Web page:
spt

*  The new draft or RFC editor note will need to include the editorial
errata filed against RFC 5953.
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Re: Last Call: rfc5953 (Transport Layer Security (TLS) Transport Model for the Simple Network Management Protocol (SNMP)) to Draft Standard

Juergen Schoenwaelder-2
On Mon, May 02, 2011 at 04:54:23PM +0200, Sean Turner wrote:

> On 5/1/11 12:41 AM, SM wrote:
> >At 14:14 19-04-2011, The IESG wrote:
> >>The IESG has received a request from the isms WG (isms) to consider the
> >>following document:
> >>
> >>- 'Transport Layer Security (TLS) Transport Model for the Simple Network
> >>Management Protocol (SNMP) '
> >>RFC 5953 as a Draft Standard
> >>
> >>The IESG plans to make a decision in the next few weeks, and solicits
> >>final comments on this action. Please send substantive comments to the
> >>[hidden email] mailing lists by 2011-05-03. Exceptionally,
> >>comments may be sent to [hidden email] instead. In either case, please
> >>retain the beginning of the Subject line to allow automated sorting.
> >>
> >>This specification contains eight normative references to standards
> >>track documents of lower maturity: RFCs 1033, 3490, 3584, 4347, 4366,
> >>5246, 5280, and 5952.
> >
> >In Section 7:
> >
> >"A hostname is always in US-ASCII (as per [RFC1033]);
> >internationalized hostnames are encoded in US-ASCII as domain
> >names after transformation via the ToASCII operation specified
> >in [RFC3490]."
> >
> >As a quick comment, RFC 1033 is a down-ref. A better reference is RFC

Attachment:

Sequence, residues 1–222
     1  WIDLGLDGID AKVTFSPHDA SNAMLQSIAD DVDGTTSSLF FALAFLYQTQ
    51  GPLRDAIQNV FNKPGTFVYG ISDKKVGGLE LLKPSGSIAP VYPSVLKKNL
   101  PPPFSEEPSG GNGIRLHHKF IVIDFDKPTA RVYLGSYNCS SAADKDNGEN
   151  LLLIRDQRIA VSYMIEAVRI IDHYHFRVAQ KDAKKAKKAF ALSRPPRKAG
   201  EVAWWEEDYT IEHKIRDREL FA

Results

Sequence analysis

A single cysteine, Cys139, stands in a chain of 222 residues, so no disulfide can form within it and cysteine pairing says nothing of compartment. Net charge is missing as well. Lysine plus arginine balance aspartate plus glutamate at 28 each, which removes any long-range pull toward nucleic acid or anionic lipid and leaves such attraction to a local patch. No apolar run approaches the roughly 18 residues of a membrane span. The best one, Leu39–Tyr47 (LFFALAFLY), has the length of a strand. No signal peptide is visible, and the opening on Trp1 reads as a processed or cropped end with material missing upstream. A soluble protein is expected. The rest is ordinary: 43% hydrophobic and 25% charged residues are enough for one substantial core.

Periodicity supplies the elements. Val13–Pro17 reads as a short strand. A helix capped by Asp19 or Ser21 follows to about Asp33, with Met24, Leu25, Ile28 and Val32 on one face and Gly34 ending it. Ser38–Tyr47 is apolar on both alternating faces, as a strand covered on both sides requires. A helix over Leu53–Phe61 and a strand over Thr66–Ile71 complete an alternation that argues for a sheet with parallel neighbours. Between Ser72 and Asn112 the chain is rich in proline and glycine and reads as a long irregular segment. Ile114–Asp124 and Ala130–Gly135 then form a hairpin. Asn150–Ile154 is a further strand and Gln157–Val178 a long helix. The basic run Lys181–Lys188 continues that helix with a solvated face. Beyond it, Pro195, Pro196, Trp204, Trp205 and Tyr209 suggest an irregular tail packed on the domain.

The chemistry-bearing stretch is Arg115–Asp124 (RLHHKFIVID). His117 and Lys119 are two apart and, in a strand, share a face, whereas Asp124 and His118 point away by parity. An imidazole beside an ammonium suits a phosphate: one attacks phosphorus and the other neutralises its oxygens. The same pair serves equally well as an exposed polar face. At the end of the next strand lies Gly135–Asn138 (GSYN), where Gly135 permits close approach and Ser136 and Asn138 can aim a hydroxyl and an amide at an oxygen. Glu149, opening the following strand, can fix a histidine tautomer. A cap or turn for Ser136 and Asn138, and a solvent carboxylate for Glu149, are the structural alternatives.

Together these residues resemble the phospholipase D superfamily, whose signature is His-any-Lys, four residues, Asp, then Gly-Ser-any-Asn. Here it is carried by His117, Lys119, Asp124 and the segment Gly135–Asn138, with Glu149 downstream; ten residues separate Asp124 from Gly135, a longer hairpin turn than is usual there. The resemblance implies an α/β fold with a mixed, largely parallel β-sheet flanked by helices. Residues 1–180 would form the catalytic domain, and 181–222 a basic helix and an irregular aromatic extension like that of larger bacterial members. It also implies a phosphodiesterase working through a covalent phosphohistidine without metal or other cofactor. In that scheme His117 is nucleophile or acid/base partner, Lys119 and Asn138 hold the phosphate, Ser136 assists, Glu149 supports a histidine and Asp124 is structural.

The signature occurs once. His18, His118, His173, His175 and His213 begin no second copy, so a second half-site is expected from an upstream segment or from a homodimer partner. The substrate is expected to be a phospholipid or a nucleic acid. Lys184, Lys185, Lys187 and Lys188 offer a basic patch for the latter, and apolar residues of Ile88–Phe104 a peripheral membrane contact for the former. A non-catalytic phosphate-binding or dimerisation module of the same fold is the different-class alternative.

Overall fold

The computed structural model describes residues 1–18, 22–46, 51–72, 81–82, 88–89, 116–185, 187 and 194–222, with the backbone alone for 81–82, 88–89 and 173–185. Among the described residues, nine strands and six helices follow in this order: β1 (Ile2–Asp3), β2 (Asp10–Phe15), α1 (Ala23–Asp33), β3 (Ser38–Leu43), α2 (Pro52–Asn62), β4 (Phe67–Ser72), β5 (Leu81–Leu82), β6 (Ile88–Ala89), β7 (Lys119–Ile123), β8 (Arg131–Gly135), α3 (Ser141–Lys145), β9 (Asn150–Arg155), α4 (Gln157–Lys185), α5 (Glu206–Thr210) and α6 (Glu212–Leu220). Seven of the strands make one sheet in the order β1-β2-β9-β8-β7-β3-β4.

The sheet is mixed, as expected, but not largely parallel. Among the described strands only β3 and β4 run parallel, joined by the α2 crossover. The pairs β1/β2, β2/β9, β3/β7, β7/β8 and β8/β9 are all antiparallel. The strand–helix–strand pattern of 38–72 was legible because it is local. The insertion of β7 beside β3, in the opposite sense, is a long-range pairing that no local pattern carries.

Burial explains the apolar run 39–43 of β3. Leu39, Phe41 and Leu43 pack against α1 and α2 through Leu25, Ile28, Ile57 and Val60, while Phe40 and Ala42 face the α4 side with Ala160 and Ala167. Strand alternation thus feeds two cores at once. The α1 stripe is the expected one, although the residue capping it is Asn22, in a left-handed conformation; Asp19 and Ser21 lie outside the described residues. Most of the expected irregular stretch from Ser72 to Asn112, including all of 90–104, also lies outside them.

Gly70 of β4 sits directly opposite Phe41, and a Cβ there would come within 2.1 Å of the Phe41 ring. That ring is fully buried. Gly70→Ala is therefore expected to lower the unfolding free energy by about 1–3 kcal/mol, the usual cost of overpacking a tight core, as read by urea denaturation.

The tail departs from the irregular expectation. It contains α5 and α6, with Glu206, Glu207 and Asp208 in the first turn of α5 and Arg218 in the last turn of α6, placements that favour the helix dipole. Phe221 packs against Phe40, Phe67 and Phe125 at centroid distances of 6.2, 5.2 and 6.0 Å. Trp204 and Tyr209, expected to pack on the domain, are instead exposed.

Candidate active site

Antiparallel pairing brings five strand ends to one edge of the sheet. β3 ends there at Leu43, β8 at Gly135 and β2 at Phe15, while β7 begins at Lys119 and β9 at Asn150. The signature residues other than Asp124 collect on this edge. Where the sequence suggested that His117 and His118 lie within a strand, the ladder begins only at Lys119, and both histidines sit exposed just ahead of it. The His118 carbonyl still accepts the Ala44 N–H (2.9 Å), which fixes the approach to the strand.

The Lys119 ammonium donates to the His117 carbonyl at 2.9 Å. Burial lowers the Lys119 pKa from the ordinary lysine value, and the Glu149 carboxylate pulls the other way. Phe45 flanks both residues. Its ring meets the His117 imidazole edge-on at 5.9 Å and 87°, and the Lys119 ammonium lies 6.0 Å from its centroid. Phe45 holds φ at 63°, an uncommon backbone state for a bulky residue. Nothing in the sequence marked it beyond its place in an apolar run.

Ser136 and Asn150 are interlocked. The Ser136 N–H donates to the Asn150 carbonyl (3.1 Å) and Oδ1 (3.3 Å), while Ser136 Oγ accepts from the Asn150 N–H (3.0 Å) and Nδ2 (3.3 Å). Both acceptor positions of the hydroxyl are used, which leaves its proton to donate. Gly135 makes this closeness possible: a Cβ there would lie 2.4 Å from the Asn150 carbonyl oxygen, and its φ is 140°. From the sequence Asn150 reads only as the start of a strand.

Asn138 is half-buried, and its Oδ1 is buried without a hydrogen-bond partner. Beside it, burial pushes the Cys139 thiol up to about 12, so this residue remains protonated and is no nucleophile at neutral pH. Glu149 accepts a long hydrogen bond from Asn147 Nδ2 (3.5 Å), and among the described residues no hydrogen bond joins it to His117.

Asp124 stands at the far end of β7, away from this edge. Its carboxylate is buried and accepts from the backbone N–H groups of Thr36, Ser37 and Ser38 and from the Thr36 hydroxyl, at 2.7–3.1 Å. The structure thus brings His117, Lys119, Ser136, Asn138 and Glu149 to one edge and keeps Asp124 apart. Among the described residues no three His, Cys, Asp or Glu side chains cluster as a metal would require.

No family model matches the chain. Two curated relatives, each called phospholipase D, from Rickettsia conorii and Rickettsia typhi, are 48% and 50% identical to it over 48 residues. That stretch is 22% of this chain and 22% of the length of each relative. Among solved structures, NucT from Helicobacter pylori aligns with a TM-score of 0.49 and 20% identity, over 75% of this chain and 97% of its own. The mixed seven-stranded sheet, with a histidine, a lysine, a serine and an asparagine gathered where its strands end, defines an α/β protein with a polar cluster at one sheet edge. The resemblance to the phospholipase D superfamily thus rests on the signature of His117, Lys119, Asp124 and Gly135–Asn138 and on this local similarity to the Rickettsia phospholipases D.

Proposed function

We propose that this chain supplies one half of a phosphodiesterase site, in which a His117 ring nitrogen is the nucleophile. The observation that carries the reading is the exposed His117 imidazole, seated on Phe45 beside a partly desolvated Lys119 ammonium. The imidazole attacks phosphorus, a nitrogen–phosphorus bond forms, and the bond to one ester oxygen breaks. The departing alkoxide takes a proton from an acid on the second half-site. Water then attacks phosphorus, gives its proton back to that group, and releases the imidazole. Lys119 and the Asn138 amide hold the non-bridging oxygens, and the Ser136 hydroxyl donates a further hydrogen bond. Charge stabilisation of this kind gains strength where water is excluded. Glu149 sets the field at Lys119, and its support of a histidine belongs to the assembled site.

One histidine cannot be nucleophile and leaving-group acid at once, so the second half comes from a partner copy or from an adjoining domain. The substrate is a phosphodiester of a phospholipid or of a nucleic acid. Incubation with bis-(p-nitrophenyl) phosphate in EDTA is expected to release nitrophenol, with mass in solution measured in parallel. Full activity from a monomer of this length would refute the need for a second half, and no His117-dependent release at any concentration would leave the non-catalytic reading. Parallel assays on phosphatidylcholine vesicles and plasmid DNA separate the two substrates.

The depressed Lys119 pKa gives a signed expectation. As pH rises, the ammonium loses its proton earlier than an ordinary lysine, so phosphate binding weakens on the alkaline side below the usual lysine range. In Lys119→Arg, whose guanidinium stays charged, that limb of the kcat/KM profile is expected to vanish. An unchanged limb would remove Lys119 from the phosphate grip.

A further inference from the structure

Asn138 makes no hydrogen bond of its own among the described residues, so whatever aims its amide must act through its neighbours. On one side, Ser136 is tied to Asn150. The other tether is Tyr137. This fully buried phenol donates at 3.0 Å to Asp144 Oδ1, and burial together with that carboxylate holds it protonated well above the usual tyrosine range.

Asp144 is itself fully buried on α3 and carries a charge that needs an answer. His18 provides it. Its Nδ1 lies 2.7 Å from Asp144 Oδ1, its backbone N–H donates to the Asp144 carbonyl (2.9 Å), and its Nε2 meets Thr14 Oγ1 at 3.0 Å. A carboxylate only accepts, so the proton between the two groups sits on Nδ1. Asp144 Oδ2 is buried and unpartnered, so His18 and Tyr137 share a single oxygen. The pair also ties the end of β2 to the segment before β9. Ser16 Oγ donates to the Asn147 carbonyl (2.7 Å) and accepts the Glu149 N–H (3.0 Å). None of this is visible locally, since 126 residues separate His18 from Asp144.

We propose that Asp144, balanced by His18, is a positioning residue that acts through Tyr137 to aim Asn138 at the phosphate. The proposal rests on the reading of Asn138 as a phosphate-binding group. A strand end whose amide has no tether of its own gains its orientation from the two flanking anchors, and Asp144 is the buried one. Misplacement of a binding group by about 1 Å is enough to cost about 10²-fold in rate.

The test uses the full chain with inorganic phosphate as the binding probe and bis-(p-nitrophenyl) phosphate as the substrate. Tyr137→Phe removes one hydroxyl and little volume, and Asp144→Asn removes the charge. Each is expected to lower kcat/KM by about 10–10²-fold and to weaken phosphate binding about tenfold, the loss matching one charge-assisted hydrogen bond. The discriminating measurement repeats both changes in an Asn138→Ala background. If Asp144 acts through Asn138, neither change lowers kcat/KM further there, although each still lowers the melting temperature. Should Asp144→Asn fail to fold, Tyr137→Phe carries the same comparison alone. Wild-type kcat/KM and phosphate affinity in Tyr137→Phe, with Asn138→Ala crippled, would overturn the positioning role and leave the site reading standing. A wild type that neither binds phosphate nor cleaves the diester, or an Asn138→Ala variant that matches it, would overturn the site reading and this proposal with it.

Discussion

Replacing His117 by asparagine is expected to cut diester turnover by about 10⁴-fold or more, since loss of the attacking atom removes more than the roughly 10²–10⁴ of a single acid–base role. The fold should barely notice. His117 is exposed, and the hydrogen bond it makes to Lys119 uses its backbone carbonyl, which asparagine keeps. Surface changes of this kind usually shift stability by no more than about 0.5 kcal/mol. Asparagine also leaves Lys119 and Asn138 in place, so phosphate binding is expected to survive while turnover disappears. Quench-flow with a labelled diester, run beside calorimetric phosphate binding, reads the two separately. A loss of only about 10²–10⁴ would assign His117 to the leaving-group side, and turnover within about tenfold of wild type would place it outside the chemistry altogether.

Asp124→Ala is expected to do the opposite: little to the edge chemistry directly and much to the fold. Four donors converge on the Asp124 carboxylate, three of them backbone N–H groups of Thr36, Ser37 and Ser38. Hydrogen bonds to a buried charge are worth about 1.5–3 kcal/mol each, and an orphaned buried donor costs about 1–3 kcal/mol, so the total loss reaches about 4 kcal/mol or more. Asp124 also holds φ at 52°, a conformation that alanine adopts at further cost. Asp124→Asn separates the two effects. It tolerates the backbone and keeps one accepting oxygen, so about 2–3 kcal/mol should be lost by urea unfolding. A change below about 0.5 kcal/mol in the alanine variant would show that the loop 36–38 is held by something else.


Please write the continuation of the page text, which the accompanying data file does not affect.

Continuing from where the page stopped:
> >1123. As it is part of STD 3, a down-ref is no longer needed. The
> >reference to RFC 3490 could be updated to RFC 5890. That also avoids a
> >down-ref in a Draft Standard to a document that has an Obsolete status.
>
> As SM noted, the reference to RFC 3490 needs to be updated.  In
> fact, I know the Apps ADs will place a DISCUSS on this particular
> point based on some exchanges about a DKIM draft on a similar topic.
> The change is slightly more complicated than replacing the
> references because ToASCII went bye-bye in RFC 5890.  After some
> exchanges with an Apps AD, the following change would "work" (this
> very similar to the changes proposed by DKIM to their draft) - and
> "work" means won't force a recycle at DS:
>
> OLD:
>
>   A hostname is always in US-ASCII (as per [RFC1033]);
>   internationalized hostnames are encoded in US-ASCII as domain
>   names after transformation via the ToASCII operation specified
>   in [RFC3490].  The ToASCII operation MUST be performed with the
>   UseSTD3ASCIIRules flag set.  The hostname is followed by a
>   colon ':' (US-ASCII character 0x3A) and a decimal port number
>   in US-ASCII.  The name SHOULD be fully qualified whenever
>   possible.
>
> NEW:
>
>   A hostname is always in US-ASCII (as per [RFC1033]);
>   internationalized hostnames are encoded as A-labels as specified
>   in [RFC5890].  The hostname is followed by a
>   colon ':' (US-ASCII character 0x3A) and a decimal port number
>   in US-ASCII.  The name SHOULD be fully qualified whenever
>   possible.

So you kept [RFC1033] instead of the suggested [RFC1123] by intention